Mosakowski's greatest asset in putting over this idea is her actors. We believe in Ryan's McCarthy so completely that we want to believe what McCarthy believes. A strong physical resemblance to the great author doesn't hurt: no costume designer or makeup artist is credited, but someone did a great job fashioning McCarthy with just the right hat, facial hair, and glasses). Maguire as Kittle gives a an energetic performance--swinging himself up and down from his bed, shadow-boxing, alternatively furious with his bunkmate's pestering and quivering with wanting the fantasy to be true.
Both men have pasts they're hiding from; it's just that, so far, McCarthy has been more successful in submerging the painful realities of his life into a new, imaginary persona. The arc of the play is reveleased in an uneven series of episodes, bookended with bits of lashing waves and Irish music from sound designer Timothy J. Anderson; it has to do with Kittle's initial resistance of, and subsequent measured descent into, the eminently desirable world that "Joyce" presents to him. It's a world in which he can become the jaunty, self-satisfied protagonist of Ulysses, in love with the full-figured, full-voiced Molly. Surely this is a more comforting option than remaining sad little Leo Kittle, locked up in the loony bin for homicide (or was it suicide?) and without a friend in the world besides a violent criminal (or is he?) who thinks he's James Joyce.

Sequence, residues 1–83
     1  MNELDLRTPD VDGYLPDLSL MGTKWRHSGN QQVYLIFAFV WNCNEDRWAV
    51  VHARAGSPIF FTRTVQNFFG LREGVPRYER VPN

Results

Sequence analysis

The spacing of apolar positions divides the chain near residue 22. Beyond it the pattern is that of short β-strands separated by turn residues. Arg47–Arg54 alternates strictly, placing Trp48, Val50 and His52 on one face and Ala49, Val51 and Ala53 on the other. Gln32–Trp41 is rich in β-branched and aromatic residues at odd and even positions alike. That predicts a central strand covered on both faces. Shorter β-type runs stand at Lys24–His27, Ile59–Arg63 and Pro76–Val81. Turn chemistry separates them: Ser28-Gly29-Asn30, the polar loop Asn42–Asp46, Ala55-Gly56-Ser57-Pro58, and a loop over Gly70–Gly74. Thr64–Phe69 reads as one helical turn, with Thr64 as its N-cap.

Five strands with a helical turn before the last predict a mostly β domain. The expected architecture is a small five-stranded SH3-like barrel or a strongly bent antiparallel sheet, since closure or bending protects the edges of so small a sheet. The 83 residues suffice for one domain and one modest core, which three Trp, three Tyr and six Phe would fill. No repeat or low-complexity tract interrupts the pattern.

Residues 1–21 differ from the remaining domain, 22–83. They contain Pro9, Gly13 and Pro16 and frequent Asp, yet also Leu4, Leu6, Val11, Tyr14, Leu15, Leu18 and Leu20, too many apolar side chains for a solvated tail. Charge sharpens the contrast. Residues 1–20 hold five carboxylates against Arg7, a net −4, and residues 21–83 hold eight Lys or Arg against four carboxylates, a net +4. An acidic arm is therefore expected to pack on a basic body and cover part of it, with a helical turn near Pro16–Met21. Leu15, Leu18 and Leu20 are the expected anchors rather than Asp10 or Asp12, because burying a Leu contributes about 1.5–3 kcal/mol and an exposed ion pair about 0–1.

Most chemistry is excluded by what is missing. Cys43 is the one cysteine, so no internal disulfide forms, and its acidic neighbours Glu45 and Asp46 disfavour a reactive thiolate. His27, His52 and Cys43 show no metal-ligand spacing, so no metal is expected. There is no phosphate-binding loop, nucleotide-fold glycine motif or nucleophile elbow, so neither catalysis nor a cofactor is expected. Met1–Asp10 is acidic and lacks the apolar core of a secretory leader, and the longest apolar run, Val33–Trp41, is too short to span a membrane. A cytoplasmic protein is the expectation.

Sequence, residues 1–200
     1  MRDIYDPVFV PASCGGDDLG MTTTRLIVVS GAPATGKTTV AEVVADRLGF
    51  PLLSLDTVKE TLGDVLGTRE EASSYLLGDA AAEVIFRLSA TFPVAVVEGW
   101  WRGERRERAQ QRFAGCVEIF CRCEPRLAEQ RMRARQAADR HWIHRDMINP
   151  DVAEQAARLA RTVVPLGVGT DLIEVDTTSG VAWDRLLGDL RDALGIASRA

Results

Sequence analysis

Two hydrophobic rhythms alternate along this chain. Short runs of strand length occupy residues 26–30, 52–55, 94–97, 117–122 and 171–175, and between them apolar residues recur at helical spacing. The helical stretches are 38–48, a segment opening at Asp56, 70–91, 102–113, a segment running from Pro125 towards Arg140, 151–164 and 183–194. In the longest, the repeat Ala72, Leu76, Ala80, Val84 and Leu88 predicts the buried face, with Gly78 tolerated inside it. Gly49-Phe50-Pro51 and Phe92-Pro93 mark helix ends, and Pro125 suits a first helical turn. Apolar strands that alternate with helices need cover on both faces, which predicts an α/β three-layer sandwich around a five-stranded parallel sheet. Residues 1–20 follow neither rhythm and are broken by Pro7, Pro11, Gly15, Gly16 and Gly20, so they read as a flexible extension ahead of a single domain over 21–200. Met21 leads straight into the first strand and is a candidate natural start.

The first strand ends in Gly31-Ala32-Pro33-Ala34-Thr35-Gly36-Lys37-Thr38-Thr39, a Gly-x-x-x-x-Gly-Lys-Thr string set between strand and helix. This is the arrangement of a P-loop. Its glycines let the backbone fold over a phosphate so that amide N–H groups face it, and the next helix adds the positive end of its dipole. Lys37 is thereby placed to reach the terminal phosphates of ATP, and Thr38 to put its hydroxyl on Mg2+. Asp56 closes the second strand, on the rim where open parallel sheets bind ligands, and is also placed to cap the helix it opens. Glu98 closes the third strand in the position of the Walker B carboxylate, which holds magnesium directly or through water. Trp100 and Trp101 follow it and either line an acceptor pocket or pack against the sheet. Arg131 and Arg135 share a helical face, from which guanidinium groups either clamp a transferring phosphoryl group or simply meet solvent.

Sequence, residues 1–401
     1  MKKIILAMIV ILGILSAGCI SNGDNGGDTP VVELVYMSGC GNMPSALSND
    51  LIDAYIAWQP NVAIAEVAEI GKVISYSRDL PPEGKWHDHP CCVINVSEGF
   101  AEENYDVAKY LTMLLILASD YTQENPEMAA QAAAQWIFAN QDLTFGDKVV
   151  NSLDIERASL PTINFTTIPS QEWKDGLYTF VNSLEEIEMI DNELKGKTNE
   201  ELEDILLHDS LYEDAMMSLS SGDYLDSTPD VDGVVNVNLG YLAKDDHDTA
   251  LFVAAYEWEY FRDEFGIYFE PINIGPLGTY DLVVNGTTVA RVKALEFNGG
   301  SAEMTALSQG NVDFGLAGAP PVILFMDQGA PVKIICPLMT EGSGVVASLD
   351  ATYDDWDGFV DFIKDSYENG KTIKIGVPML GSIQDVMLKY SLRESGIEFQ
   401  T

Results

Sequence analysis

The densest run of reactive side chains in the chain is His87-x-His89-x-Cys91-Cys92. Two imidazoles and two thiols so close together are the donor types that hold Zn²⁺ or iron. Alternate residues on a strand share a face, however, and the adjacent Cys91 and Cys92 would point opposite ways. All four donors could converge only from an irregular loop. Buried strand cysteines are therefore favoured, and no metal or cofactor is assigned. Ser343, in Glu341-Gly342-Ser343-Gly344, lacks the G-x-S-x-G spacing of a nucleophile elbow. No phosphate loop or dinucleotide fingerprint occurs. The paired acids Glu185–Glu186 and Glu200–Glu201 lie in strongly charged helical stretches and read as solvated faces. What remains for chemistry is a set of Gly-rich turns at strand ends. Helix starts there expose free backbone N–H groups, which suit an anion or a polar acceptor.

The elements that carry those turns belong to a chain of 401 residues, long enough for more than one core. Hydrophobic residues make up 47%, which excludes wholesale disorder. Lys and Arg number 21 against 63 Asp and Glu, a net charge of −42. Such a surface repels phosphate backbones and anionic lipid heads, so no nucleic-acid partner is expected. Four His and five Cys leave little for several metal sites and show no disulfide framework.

"I just want us to be seeing the same thing at the same time," laments poor McCarthy at a moment when Kittle refuses to acknowledge his vision--in this case, described by McCarthy as one of giant rocks jutting from imagined seafoam like a pair of breasts. The twin protagonists try to puzzle out each other's pasts (and their own), painting imaginary landscapes. Mosakowski pushes us to ponder the philosophical questions of the madhouse: What is real and what is fantasy, and does it matter? Is it better to be sane or to be happy?
But in her extended and often fascinating pursuit of these airy concerns, the playwright fails to provide enough solid ground. Too often, Mosakowski takes advantage of the fact that her characters are loosely moored to reality and similarly keeps her play loosely tied to its own story. One scene opens with McCarthy and Kittle trying to decide between the two of them what time it is: "Midnight? Two? Nine?", and so on. This is how the scenes of Nighttown progress, without any temporal context; in fact, some of the more esoteric sequences could be redeposited elsewhere in the play and it probably wouldn't change much.
Late in the show, it develops that one of the heroes stands a chance of being released--not set forth into the imaginary world of Ulysses, but released from the mental hospital. Suddenly we are not just following a heady conversation between two characters hovering on the edge of civilization; rather, we have been given a reason to care what happens to them next. Their intertwined fates have become defined in a way that we understand and with which we can empathize. If only that moment came earlier on.